Archive: Ending Dialogue By Proxy

Seventeen years after it was signed, the Algiers Eritrea-Ethiopia peace accord remained elusive. Fifteen years after the Eritrean Ethiopian Border Commission ruling, the border is not yet demarcated. Five years ago, Ethiopia’s Prime Minister Meles Zenawi died. The professor who was the president of the EEBC, Sir Elihu Lauterpacht, died three months ago. Two months ago, the President of Algeria, Abdulazziz Bouteflika, who oversaw the signing of the Algiers peace deal, turned 80. Isaias Afwerki, the un-elected president of Eritrea turned 71 and is still ruling the country.

In recent months, some interest groups have been revisiting the issue of the unresolved border between Eritrea and Ethiopia—and it seems that the EU and Ethiopia are pursuing a certain strategy. On this occasion, we thought of bringing you today’s thirteen years old editorial (Nov. 26, 2004) to prove that the people of the region, particularly those who inhabit the border areas, have been subjected to walk on a wheel like lab mice.{The Pencil, May 4, 2017]

It is now clear that the proposal for peace that we have submitted earlier has not managed to secure the desired sustainable and durable peace. Hence, it has now become imperative to seek a peace proposal which takes into account current realities and which will help motivate those that are forces for peace. It has become necessary to rectify, those aspects of the original peace proposal, which have had the effect of undermining the efforts of those committed to peace and to present a new proposal which would help strengthen the struggle for peace. – PM Meles Zenawi, address to Ethiopian parliament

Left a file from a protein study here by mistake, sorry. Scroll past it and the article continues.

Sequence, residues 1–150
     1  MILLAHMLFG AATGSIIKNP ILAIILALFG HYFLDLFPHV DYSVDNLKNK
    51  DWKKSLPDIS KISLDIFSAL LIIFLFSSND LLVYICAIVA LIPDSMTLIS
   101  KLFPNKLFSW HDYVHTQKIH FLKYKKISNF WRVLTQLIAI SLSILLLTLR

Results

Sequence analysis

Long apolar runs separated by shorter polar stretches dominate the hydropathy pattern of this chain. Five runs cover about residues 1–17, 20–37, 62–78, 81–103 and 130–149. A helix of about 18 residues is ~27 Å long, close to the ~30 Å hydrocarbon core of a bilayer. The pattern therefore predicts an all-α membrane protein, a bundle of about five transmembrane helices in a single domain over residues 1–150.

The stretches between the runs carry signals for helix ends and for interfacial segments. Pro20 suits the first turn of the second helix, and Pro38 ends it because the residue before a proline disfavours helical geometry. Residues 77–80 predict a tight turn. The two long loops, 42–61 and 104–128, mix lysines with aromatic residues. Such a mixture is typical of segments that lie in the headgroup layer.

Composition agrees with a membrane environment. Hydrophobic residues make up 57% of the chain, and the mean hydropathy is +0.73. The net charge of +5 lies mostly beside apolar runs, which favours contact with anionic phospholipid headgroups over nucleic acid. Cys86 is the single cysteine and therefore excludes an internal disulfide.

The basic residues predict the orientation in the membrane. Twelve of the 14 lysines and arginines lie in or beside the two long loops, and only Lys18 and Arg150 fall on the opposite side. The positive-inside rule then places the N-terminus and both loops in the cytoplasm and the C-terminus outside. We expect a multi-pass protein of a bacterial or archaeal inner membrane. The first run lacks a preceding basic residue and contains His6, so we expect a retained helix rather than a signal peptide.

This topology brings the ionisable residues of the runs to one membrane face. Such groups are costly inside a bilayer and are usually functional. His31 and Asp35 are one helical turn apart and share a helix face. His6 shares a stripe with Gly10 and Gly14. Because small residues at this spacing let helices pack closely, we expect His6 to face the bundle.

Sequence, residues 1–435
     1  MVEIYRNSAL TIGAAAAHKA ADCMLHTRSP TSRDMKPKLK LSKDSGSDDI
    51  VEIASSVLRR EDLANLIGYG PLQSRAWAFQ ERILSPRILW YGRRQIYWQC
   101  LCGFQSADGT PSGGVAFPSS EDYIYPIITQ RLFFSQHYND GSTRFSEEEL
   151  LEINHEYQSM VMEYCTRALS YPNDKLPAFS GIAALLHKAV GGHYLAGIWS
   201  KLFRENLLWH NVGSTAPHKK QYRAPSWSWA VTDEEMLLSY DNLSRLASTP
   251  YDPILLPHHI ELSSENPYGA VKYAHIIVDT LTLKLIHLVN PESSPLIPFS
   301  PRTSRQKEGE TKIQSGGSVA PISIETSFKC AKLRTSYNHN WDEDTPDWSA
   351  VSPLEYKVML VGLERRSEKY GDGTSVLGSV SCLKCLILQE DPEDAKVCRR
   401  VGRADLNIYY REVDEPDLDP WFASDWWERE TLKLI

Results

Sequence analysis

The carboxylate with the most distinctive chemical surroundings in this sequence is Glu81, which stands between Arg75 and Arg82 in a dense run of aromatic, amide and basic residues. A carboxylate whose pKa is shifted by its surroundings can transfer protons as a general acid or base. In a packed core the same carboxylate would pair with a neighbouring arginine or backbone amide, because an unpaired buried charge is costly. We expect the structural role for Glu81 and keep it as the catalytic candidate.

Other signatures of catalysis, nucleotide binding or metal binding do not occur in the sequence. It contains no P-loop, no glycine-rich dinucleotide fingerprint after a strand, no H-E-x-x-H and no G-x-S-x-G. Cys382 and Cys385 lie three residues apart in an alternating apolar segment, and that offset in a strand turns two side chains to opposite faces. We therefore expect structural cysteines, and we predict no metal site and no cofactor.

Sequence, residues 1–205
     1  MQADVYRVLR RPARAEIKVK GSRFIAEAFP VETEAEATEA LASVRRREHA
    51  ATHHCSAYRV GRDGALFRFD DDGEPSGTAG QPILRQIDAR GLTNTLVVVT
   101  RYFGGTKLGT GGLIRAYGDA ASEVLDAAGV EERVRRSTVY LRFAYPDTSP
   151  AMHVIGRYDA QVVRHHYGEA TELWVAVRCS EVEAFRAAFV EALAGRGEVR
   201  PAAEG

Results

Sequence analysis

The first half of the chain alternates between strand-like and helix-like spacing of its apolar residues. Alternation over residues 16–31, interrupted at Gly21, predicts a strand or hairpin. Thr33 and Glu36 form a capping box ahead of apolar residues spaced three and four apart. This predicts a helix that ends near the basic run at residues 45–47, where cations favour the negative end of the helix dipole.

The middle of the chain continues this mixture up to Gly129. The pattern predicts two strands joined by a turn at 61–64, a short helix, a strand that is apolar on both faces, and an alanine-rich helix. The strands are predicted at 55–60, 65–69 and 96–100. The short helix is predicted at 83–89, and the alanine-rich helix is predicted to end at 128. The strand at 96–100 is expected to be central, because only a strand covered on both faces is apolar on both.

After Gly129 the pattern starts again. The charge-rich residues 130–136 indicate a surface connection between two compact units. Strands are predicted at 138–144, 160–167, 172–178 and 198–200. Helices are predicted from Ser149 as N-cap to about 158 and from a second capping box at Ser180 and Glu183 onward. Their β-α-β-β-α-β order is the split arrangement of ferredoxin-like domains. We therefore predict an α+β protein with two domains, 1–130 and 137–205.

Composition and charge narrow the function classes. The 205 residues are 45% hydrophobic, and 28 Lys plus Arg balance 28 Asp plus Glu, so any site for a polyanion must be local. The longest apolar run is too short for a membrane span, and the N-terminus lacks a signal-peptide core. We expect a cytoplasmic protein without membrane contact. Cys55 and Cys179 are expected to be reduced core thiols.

As substantial as Prime Minister Meles Zenawi’s peace initiative is, we think the rationale for Ethiopia’s reversal of position is just as important.  In his address, Meles Zenawi provides two explanations on why Ethiopia’s position (rejecting the EEBC ruling) should be reversed: first, Ethiopia’s development partners (Europe and the US) were insisting on it and second, Eritrea’s “forces for peace” (the Eritrean opposition) were, according to “various sources,” finding it difficult to work for sustainable peace (get rid of the PFDJ) in light of Ethiopia’s position regarding Eritrean sovereignty.

As varied as the reaction of the Eritrean body politic will be–from the instant and euphoric support of the Eritrean National Alliance (ENA) to equally instant and disdainful rejection of the ruling party (PFDJ); the nature is the same: it is reactive.  Once again, the fate of Eritrea is being negotiated between Ethiopia and its development partners who are, for the most part, the very same “various sources” that articulate our views.

We have been calling for dialogue because we strongly believe that almost any problem is soluble if people have the willingness to solve it.  We already know that it is not in PFDJ’s nature to negotiate peace but we strongly believe that any organized and credible Eritrean opposition group (the stronger and more unified the better) that had the courage and political maturity could have negotiated precisely the same peace initiative that is being proposed by Meles Zenawi now. This would have instantly elevated the Eritrean opposition leaders to statesmen, PFDJ alternatives, and would have rendered the Eritrean government instantly irrelevant.

Ironically, our skepticism bordering on paranoia of “foreign intervention,” our avoidance of dialogue, invites the very same foreign intervention we fear.  We are reduced to accepting or rejecting initiatives and treaties we had little hand in creating. We have no sense of ownership and because the deals are negotiated without our input, we get even more anxious and suspicious of the foreigners.  And the cycle is repeated.